spiced pumpkin and leek soup with curry macarons

Recipe for Spiced Pumpkin and Leek Soup.

Before you go, let me show you some peppermint creams I made this week – quite by accident!

peppermint cream easy recipe

As you’ve noticed on le blog, I’ve been rolling rather a lot of snowballs and mini Christmas puddings lately.  Well, as I was making more Scottish Macaroon Bar Snowballs, I ran out of coconut.  As the fondant centres were just looking up at me, saying ‘Cover me!’, I quickly added a few drops of peppermint essence (or oil) to the melted chocolate and as soon as the chocolate hardened, these peppermint creams just vanished!  I guess Julie and Lucie liked them…

I shall definitely be making more of these soon.  Homemade peppermint creams are super – none of these E numbers in the ingredients – just sugar, potato (yes, you heard me right), good dark chocolate and peppermint!

peppermint creams recipe

A  huge thank you et merci beaucoup to all of you for following and sharing in the fun on le blog.  Have a wonderful festive season and I so look forward to sharing many more treats – and big news – on the blog in 2015!  I’m off to get packed.  Exceptionally, I’ve closed comments since I won’t have access to the website or emails but I’ll be hanging out as usual on Instagram and Facebook, my lovelies. See you soon x

In the meantime, wishing you all the happiest and healthiest 2015!

Happy Holidays!

 

20th Salon du Chocolat Paris

How could you resist? Week 2 of the French mid-term school holidays and the 20th Salon du Chocolat Paris kicked off yesterday.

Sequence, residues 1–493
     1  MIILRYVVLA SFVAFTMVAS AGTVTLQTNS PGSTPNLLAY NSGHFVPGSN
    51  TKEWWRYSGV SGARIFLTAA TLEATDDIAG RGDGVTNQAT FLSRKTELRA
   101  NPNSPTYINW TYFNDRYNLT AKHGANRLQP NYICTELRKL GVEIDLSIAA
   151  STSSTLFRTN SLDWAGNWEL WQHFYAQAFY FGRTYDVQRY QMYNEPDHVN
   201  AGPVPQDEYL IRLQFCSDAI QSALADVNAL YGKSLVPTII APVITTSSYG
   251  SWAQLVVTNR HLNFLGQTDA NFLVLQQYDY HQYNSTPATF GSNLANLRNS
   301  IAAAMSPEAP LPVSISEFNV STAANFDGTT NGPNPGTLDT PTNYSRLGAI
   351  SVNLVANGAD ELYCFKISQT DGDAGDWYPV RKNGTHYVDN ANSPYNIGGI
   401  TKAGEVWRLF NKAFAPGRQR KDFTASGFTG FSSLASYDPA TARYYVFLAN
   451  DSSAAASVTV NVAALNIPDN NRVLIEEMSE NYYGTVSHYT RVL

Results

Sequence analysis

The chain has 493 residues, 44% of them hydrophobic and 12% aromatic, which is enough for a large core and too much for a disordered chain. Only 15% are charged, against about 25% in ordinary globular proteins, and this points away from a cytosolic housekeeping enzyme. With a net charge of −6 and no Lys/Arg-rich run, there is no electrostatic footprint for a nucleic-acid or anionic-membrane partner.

chocolate fashion dress salon du chocolat Paris 2014

The kids ruled (my excuse, anyway) so it was time to head over to the Porte de Versailles for a taste. Arriving in the vast upstairs gallery, most people were making for the chocolate dresses.  Hey, did someone pinch that meringue at the bottom? It wasn’t me, I promise…

chocolate and macaron candy dress salon du chocolat Paris 2014

The fashion show parades at 3pm and 5pm, when the crowds form around the central podium.  That’s when I ventured around to visit other attractions, including the ground floor, full of chocolate from around the world.  The last time I came here was with talented artist, Carol Gillott of ParisBreakfast fame: her fabulous artwork was in full view behind Fréderic Kassel’s pastry stand – although I don’t understand how I missed it.  It’s huge here – and not for nothing I lost Carol last time, too!

chocolate sculpture Paris 2014 court of Louis XIV

Jean-Luc Decluzeau, chocolate-maker and passionate historian put this sculpture together, celebrating how chocolate came to France around the 17th Century.  This represents the court of Louis XIV. It’s made with 500 kilos of Leonidas chocolates – including 2300 pralines – representing 300 hours of sweet labour.